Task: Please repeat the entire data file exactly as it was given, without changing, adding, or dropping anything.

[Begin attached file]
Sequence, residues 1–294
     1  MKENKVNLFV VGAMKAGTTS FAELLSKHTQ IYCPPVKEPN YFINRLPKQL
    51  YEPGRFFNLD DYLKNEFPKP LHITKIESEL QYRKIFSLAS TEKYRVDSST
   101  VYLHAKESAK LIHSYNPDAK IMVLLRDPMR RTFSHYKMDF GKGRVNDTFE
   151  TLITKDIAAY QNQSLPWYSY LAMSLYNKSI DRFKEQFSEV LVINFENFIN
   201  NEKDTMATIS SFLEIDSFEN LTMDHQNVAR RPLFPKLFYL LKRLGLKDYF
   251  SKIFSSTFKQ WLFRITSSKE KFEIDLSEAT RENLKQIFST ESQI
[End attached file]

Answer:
Sequence, residues 1–294
     1  MKENKVNLFV VGAMKAGTTS FAELLSKHTQ IYCPPVKEPN YFINRLPKQL
    51  YEPGRFFNLD DYLKNEFPKP LHITKIESEL QYRKIFSLAS TEKYRVDSST
   101  VYLHAKESAK LIHSYNPDAK IMVLLRDPMR RTFSHYKMDF GKGRVNDTFE
   151  TLITKDIAAY QNQSLPWYSY LAMSLYNKSI DRFKEQFSEV LVINFENFIN
   201  NEKDTMATIS SFLEIDSFEN LTMDHQNVAR RPLFPKLFYL LKRLGLKDYF
   251  SKIFSSTFKQ WLFRITSSKE KFEIDLSEAT RENLKQIFST ESQI